, I’m thoroughly convinced that America’s culinary capital has switched coasts.
Therapy for Everybody
Continue Reading Illustration by Lincoln Agnew*
In Appalachia, a primary-care clinic offers quick bursts of psychotherapy on the spot.
JOHNSON CITY, Tennessee—The first patient of the morning had been working 119 hours a week. Greta (not her real name) had been coming home late at night, skipping dinner, and crashing into bed. One recent night, her college-aged daughter melted down, telling an exhausted Greta that her parents’ marital tensions were putting a strain on her. “She’s like, ‘Why don’t you just divorce him?’” Greta recounted to her psychotherapist, Thomas Bishop, who was perched on a rolling stool in the bright examination room. “‘Why don’t you just do it and get it over with?’” Greta planned to stay with her husband, but her daughter’s outburst worried her. “Is this going to affect the way she feels about relationships?” she asked Bishop.
How the Democrats Lost Their Way on Immigration
Continue Reading Jonathan Ernst / Reuters
In the past decade, liberals have avoided inconvenient truths about the issue.
The myth, which liberals
like myself find tempting, is that only the right has changed. In June 2015, we tell ourselves, Donald Trump rode down his golden escalator and pretty soon nativism, long a feature of conservative politics, had engulfed it. But that’s not the full story. If the right has grown more nationalistic, the left has grown less so. A decade ago, liberals publicly questioned immigration in ways that would shock many progressives today. Listen to the audio version of this article:Download the Audm app
for your iPhone to listen to more titles. In 2005, a left-leaning blogger wrote, “Illegal immigration wreaks havoc economically, socially, and culturally; makes a mockery of the rule of law; and is disgraceful just on basic fairness grounds alone.” In 2006, a liberal columnist wrote that “immigration reduces the wages of domestic workers who compete with immigrants” and that “the fiscal burden of low-wage immigrants is also pretty clear.” His conclusion: “We’ll need to reduce the inflow of low-skill immigrants.” That same year, a Democratic senator wrote, “When I see Mexican flags waved at proimmigration demonstrations, I sometimes feel a flush of patriotic resentment. When I’m forced to use a translator to communicate with the guy fixing my car, I feel a certain frustration.”
Obama: 'This Bill Will Do You Harm' The former president issued a warning about the Republican plan to replace his signature health-care law. The Senate is planning to vote on it as early as next week. Vann R. Newkirk II 4:29 PM ET Supreme Court J. Scott Applewhite / AP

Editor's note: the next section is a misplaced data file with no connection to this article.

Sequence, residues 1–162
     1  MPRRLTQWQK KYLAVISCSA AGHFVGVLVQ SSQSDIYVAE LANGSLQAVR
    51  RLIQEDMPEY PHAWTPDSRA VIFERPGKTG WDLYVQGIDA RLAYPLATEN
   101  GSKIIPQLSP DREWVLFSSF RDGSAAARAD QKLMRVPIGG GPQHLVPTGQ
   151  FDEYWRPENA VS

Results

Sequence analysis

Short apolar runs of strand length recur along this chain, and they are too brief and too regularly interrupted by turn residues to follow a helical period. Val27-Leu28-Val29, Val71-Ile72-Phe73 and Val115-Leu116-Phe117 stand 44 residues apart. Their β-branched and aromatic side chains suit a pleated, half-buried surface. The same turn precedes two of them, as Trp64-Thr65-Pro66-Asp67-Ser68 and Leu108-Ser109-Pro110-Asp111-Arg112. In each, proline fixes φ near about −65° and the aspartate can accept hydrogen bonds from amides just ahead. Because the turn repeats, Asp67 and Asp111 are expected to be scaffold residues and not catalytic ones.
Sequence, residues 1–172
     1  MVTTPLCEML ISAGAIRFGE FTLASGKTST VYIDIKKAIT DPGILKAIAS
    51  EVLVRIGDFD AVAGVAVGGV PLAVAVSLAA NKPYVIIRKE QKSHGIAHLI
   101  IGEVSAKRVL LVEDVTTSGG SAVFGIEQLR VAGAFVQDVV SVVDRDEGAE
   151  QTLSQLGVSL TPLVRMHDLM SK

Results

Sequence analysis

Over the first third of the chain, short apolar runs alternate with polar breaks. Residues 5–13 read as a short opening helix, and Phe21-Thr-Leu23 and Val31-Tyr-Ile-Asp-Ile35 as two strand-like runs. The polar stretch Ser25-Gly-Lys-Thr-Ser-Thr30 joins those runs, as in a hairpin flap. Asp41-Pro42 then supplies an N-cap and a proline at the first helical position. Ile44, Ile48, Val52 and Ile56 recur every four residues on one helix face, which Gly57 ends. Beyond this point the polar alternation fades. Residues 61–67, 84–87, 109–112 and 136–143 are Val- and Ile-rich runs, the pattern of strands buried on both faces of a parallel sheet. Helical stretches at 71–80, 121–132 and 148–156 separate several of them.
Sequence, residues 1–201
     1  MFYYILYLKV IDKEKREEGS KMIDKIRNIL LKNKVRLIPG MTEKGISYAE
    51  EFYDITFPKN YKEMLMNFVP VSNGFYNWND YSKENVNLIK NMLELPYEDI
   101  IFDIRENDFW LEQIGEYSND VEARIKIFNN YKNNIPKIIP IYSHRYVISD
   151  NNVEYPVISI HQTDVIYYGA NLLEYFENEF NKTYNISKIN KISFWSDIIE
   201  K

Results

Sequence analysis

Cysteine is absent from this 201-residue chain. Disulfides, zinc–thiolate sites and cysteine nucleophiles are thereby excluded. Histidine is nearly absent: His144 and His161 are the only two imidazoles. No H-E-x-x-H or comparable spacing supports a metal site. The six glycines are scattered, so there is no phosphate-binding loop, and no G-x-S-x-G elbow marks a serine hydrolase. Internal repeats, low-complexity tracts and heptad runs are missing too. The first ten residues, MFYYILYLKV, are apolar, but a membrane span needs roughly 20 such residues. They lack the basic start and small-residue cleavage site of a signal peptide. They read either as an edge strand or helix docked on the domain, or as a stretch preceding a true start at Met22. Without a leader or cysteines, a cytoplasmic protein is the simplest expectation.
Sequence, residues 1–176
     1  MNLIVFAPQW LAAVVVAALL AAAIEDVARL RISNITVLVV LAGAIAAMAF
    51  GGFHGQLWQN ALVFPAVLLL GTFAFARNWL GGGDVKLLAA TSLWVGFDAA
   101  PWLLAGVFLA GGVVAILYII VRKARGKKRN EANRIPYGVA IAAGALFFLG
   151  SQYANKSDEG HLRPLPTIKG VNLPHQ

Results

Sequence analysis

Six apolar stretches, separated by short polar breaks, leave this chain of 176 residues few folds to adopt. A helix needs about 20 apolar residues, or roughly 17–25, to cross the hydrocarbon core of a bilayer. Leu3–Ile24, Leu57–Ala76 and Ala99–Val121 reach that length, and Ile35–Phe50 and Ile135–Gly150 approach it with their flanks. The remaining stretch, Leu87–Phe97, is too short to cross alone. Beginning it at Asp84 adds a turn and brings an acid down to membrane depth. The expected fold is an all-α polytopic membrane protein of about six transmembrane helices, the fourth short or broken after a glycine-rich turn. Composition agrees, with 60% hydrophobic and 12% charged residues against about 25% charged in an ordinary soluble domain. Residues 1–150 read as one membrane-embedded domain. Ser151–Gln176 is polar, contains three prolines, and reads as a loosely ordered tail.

The Supreme Court Defends the Integrity of U.S. Citizenship The justices unanimously limited the federal government’s power to strip immigrants of their hard-won status. Matt Ford 3:26 PM ET Scott Morgan / Reuters
The Lasting Damage of Trump's 'Tapes' Bluff The president’s attempt to intimidate James Comey didn’t merely backfire—it may also embolden hostile regimes to conclude his other threats are equally empty. David Frum 2:17 PM ET Newsletter J. Scott Applewhite / AP
The Atlantic Politics & Policy Daily: Old McConnell Has a Plan Senate Republicans released a 142-page proposal that would dismantle parts of the Affordable Care Act.
Scott Morgan / Reuters
Trump: There Are (Probably) No Tapes The president admits he never had any recordings of conversations with James Comey, but his idle threat has already set off a catastrophic chain reaction. David A. Graham 1:52 PM ET Business Courtesy of Stacey Abrams
Finding Mentorship Outside of Your Industry Stacey Abrams has made a career for herself in politics, but that’s not where she looks for guidance. Elisha Brown 1:46 PM ET Health Chip Somodevilla / Getty / Katie Martin /The ...
The Senate Puts Medicaid on the Chopping Block A draft version of the AHCA released Thursday shows even deeper cuts to the program than the House version. Vann R. Newkirk II 1:16 PM ET Jonathan Ernst / Reuters
Trump Is a Russian-Interference Truther Once More On Twitter, the president claims vindication against claims of collusion and reverses his acknowledgement of Kremlin tampering with the election. David A. Graham 12:12 PM ET Congress J. Scott Applewhite / AP
What's in the Senate Republican Health-Care Bill Like the House version, Mitch McConnell’s proposal would slash taxes, cut Medicaid, and eliminate Obamacare’s insurance mandates for individuals and employers. Russell Berman 11:38 AM ET Congress Aaron Bernstein / Reuters
Congress Heads for a Showdown on Obamacare The clock, as they say, is ticking. Fast. Michelle Cottle 6:00 AM ET Evan Vucci / AP
Trump’s Immigration Allies Are Growing Frustrated With Him The president was supposed to be their champion, but he’s failed to act on some of his key campaign promises. Priscilla Alvarez 6:00 AM ET Congress J. Scott Applewhite / AP / Katie Martin ...
'We're Amending Obamacare. We're Not Killing It' The Senate bill coming out Thursday would do many things to health care in the U.S., but it won’t get rid of the Affordable Care Act, and Mitch McConnell won’t claim that it does. Russell Berman 6:00 AM ET The Presence of Justice J. Scott Applewhite / AP
The Supreme Court Tinkers at the Edges of the Machinery of Death Opponents of the practice won a series of notable cases at the U.S. Supreme Court this term, even as total victory in their war against the death penalty moved further out of reach. Matt Ford 4:50 AM ET Politics Daily Aaron P. Bernstein / Reuters
The Atlantic Politics & Policy Daily: Now, Without Further AHCAdo Senate Republicans are expected to unveil their health-care proposal on Thursday. Elaine Godfrey Jun 21, 2017 David Goldman / AP
What Democrats' Defeat in Georgia Means—and Doesn't The party’s recent special-election losses aren’t necessarily a bad omen for 2018. But they show how Democrats need better answers to the GOP’s most effective arguments. Ronald Brownstein Jun 21, 2017 The Presence of Justice Reuters
Do African Americans Have a Right to Bear Arms? And if so, why won’t the justice system or the NRA stand up for it? David A. Graham Jun 21, 2017 Aaron Bernstein / Reuters
How Drug Prohibition Fuels American Carnage Attorney General Jeff Sessions appears not to understand the most basic cost of the drug policy he recommends: the guarantee of violent crime. Conor Friedersdorf Jun 21, 2017 Global Joshua Roberts / Reuters
Is American Democracy Really Under Threat? The country’s turbulent politics, in perspective Uri Friedman Jun 21, 2017 Christopher Aluka Berry / Reuters
Why Ossoff Lost Despite the opposition Trump has galvanized, the Democrats still haven’t figured out how to win in the places where they’re trying to stage a comeback. Molly Ball Jun 21, 2017 Congress Joshua Roberts / Reuters
Trump’s Most Lasting Legacy? America’s courts—presently a thorn in the president’s side—are about to get a lot more conservative. And they will probably stay that way for a very long time. Alex Wagner Jun 21, 2017 All Coverage